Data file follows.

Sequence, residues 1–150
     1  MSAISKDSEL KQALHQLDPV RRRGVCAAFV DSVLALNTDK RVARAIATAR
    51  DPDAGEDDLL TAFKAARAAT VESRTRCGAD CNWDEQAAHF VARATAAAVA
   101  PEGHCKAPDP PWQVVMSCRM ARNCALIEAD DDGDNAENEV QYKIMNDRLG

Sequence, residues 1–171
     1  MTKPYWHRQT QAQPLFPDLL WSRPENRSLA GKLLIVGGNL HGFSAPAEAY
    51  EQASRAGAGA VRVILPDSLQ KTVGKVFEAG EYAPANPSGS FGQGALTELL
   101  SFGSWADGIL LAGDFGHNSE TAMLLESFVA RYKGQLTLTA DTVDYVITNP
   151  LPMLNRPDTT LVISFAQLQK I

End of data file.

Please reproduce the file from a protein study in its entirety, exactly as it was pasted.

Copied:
Sequence, residues 1–150
     1  MSAISKDSEL KQALHQLDPV RRRGVCAAFV DSVLALNTDK RVARAIATAR
    51  DPDAGEDDLL TAFKAARAAT VESRTRCGAD CNWDEQAAHF VARATAAAVA
   101  PEGHCKAPDP PWQVVMSCRM ARNCALIEAD DDGDNAENEV QYKIMNDRLG

Sequence, residues 1–171
     1  MTKPYWHRQT QAQPLFPDLL WSRPENRSLA GKLLIVGGNL HGFSAPAEAY
    51  EQASRAGAGA VRVILPDSLQ KTVGKVFEAG EYAPANPSGS FGQGALTELL
   101  SFGSWADGIL LAGDFGHNSE TAMLLESFVA RYKGQLTLTA DTVDYVITNP
   151  LPMLNRPDTT LVISFAQLQK I